It's five months until we head to the polls in local government elections, delayed from last year due to COVID-19. With candidates starting to plot their campaigns (nominations open July 26), some sitting councillors share their experience, where the best of intentions are often thwarted by legislation, red tape and tight budgets.
Peter Petty (currently mayor), Greg Sauer (currently deputy mayor) and Bronwyn Petrie plan to put themselves up for re-election come September. Bob Rogan and John Macnish are as yet undecided, and the remaining councillors are playing their cards close to their chest.
Should he be successful in retaining his seat for another term, Cr Petty said his objective would be to have a council that works for the community that has elected it, and to see the completion of projects ongoing from the current council.
Cr Sauer feels his biggest achievement as a councillor is still ahead of him.
"TSC has made some great achievements during this term but more work is required," he said.
To that end he said he would continue to put the community interests first.
"While Tenterfield Shire is already starting to become a destination, it is important that we continue to ensure we continue to provide attractions and reasons for people to make us an area they visit regularly, before the bypass is built.
"The Angry Bulls Trails will be a key link in achieving that aim."
Should he be re-elected Cr Macnish hopes for continuing sound, responsible governance, seeing no great problems with the current regime especially in its achievements with new bridges and more bitumen.
"I think we're doing a reasonable job," he said.
Cr Sauer said he has no real regrets so far, although possibly a couple of disappointing decisions.
On his experiences as a councillor, Cr Petty said is a great honour and a humbling experience to be elected in the first place, but for him one of the main aspects was learning to respect each other's opinions.
A highlight of Cr Macnish's time on council is being in a position to help the town and district survive drought and fire, and a general appreciation of the opportunity to have input into what happens in the shire.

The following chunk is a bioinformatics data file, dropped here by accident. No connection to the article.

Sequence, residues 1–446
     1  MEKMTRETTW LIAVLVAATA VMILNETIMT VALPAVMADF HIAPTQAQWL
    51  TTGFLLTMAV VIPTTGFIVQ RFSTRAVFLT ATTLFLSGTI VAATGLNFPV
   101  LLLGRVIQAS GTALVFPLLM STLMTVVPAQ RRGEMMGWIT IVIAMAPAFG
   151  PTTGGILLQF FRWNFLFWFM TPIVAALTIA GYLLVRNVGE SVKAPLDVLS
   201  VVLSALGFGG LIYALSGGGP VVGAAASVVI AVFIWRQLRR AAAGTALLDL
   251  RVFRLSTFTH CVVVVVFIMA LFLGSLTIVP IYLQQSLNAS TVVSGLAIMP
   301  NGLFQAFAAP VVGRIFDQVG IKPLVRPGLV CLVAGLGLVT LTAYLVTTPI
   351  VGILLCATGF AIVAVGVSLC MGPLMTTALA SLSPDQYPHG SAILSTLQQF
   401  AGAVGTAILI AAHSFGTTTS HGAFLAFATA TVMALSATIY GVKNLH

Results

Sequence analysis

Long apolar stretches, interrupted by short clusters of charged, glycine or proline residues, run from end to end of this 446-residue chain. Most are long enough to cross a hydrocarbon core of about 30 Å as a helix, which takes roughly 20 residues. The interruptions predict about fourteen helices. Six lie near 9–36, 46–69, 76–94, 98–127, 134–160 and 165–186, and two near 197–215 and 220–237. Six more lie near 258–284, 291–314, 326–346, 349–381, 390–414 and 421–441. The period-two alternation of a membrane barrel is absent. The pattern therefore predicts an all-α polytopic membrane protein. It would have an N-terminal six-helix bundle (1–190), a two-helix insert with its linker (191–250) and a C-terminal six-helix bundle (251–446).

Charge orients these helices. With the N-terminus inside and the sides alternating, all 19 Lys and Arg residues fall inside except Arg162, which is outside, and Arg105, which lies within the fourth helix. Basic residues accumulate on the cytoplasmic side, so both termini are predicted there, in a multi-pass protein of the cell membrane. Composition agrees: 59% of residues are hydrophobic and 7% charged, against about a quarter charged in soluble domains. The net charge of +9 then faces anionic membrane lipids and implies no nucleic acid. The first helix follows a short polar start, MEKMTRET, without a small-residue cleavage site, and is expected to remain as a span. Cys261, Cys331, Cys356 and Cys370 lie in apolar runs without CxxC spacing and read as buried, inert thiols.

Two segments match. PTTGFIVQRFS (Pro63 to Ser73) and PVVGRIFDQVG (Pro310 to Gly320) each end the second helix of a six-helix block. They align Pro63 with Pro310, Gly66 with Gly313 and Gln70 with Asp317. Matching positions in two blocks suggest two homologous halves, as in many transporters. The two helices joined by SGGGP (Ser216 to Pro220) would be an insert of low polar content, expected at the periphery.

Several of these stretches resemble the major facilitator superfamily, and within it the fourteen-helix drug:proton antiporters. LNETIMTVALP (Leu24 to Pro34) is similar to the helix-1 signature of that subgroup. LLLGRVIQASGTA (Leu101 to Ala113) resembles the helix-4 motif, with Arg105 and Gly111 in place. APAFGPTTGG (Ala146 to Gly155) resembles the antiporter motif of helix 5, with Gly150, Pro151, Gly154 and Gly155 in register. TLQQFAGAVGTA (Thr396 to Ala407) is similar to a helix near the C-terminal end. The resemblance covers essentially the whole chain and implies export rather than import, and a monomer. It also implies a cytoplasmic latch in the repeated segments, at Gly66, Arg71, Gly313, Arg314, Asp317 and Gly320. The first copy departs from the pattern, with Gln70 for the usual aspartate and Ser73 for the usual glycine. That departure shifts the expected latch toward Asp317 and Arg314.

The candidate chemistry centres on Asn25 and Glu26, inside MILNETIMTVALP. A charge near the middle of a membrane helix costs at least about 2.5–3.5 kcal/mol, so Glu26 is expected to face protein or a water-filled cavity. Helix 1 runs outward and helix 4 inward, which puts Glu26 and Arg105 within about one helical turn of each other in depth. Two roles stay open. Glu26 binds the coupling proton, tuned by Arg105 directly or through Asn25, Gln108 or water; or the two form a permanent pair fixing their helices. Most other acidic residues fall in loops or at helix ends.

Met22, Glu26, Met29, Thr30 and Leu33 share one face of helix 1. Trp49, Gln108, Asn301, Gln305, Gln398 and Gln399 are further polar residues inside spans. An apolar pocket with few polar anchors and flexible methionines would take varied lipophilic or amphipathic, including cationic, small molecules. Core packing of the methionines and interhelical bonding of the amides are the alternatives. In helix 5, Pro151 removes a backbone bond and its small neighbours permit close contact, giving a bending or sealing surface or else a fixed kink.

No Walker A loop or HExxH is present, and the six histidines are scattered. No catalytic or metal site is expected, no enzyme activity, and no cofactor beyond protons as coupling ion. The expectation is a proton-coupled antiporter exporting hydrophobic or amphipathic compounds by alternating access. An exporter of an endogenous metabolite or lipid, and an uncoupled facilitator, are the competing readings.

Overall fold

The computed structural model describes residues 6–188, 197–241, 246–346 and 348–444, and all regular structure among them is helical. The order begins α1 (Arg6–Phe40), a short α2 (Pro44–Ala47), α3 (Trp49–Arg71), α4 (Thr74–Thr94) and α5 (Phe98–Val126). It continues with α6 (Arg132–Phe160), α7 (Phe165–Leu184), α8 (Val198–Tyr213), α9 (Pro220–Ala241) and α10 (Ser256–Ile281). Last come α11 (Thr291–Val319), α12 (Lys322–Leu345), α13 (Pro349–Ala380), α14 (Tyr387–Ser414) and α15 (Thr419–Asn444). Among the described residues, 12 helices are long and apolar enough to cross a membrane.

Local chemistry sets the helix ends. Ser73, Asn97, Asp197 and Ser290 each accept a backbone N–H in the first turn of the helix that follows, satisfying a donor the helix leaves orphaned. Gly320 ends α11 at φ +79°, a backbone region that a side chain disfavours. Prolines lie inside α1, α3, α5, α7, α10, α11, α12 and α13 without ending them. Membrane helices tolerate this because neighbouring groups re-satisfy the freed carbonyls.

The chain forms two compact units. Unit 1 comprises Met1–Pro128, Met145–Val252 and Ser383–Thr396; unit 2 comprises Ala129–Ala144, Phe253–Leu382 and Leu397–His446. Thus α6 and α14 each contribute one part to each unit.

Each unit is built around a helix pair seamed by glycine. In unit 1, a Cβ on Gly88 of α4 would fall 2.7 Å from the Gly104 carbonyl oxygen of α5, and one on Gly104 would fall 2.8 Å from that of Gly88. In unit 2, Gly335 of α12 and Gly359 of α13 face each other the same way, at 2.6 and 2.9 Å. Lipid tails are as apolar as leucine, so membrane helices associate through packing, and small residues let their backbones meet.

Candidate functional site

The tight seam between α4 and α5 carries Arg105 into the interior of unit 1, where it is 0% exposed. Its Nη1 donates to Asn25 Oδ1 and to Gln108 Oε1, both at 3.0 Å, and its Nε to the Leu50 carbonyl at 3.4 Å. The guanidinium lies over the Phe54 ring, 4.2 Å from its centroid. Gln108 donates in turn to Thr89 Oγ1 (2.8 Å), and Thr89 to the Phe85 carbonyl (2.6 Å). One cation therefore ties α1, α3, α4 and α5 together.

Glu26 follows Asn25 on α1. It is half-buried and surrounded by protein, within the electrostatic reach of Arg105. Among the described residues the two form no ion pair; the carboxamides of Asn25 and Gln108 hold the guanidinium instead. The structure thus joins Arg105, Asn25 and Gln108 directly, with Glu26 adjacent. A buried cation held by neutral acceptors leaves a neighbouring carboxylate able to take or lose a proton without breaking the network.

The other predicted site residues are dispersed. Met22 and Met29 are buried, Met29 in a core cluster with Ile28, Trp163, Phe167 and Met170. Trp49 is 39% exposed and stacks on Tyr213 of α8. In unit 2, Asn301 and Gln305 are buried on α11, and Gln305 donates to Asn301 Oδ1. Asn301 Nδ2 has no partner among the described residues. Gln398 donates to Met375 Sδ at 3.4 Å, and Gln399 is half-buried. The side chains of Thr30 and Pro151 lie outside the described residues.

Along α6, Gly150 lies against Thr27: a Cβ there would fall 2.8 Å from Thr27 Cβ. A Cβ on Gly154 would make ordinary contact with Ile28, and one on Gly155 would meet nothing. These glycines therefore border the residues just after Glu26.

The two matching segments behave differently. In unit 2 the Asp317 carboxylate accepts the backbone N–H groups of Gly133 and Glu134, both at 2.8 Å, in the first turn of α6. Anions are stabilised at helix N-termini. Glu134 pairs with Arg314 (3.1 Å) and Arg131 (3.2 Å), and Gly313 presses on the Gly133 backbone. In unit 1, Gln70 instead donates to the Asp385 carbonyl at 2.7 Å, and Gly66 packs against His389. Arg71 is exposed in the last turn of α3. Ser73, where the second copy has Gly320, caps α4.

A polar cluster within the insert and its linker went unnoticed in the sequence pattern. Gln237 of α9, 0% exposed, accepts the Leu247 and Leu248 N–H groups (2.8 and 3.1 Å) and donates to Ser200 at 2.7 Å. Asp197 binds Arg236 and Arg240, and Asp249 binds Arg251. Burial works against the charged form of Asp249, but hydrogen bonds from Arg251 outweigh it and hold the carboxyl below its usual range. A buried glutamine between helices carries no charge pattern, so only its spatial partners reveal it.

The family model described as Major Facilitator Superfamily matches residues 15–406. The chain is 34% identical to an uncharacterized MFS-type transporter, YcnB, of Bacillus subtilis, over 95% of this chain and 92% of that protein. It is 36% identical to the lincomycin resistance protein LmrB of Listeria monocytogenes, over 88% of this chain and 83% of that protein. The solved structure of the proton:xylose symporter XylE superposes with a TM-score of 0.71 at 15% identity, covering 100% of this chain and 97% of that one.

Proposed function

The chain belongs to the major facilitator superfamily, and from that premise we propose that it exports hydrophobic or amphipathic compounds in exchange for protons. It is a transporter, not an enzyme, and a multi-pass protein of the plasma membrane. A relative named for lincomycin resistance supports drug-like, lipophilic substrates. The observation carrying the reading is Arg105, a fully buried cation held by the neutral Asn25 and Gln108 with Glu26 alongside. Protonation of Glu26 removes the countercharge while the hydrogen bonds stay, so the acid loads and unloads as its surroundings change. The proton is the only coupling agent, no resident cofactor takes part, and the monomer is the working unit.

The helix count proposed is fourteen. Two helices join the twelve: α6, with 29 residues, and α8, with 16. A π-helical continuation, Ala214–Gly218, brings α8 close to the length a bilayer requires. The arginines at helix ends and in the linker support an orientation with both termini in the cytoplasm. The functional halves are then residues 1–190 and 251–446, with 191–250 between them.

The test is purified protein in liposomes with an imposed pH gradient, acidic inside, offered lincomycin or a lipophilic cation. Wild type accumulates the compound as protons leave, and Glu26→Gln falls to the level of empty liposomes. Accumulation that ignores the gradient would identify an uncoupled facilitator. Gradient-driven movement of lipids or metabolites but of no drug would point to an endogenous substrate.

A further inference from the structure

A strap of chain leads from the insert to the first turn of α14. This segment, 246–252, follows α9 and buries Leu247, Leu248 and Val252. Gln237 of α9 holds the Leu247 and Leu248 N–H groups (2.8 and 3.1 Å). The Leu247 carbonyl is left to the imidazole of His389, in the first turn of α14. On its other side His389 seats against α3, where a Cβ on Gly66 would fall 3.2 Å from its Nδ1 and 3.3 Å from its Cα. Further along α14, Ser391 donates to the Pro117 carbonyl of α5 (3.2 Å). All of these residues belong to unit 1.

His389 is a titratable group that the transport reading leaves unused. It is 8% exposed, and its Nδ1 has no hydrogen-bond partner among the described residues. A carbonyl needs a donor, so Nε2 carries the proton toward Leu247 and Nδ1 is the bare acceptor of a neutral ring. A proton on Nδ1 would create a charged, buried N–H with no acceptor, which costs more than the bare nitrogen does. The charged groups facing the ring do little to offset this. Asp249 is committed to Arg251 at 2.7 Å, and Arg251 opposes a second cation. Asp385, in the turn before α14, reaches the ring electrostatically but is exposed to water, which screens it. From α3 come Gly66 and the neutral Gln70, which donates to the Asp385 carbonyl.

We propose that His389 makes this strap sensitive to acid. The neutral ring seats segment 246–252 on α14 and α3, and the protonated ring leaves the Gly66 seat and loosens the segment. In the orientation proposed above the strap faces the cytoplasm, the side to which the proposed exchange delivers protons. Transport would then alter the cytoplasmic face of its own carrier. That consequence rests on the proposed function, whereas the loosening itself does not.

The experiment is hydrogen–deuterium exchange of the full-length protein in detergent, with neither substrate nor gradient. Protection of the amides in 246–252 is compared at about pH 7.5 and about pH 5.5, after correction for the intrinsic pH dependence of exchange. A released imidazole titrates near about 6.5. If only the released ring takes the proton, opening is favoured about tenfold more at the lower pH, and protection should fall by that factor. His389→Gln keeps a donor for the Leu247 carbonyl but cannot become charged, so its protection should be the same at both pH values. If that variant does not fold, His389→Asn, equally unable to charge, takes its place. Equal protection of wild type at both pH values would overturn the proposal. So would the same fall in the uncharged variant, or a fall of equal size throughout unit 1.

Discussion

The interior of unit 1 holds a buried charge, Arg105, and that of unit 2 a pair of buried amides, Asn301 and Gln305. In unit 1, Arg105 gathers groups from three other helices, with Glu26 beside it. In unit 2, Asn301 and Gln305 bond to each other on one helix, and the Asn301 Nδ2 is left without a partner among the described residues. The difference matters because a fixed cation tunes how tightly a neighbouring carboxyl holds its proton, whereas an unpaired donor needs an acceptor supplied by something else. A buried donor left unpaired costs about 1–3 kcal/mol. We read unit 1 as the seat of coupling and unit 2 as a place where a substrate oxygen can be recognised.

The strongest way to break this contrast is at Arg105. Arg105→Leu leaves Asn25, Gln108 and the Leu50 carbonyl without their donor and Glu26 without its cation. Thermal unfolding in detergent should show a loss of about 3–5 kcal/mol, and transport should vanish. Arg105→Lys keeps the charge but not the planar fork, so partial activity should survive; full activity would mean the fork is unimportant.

He said the hiring of a horticulturalist had had an impact on parks and gardens around the district, and he also feels councillors are now working with a well-motivated council workforce, a legacy of outgoing chief executive Terry Dodd.
On the downside, among the worst aspects of the job are constant change along with cost-shifting from other levels of government back onto local government, and the red tape.
"Things that should be easy to achieve are often not, due to legislation," Cr Sauer said.
He laments the lack of funding to achieve some of the strategies in the Community Strategic Plan such as the redevelopment of the Swimming Pool Complex.
"Council's budget alone will not be enough to get that done," he said.
Among the surprises for Cr Petty on becoming a councillor was the important role held by local government and the challenges councillors face on a continual bases, both financial and in maintaining infrastructure, and the diversity of the villages and outlying areas.
And the best advice they can pass onto new councillors?
"Learn to understand the Local Government Act and work with in that," Cr Petty said. "Work with your fellow councillors to form a team and respect each other's opinion."
Cr Sauer urged new councillors to remember that they're not on their own.
"Other councillors have prior experience of being a 'newbie'," he said. "Do not be afraid to ask questions."
Cr Macnish's advice to new councillors is to not rush in to decisions.
"It's a lot more complicated that you realise," he said.
And if potential candidates are in it for the money, think again, with several councillors pointing out the many hours the role involves.
"If you do the job properly, the hourly rate would be less than working at McDonalds," Cr Sauer said.
"The benefit you will get is the satisfaction for working to make your community a better place to live for everyone."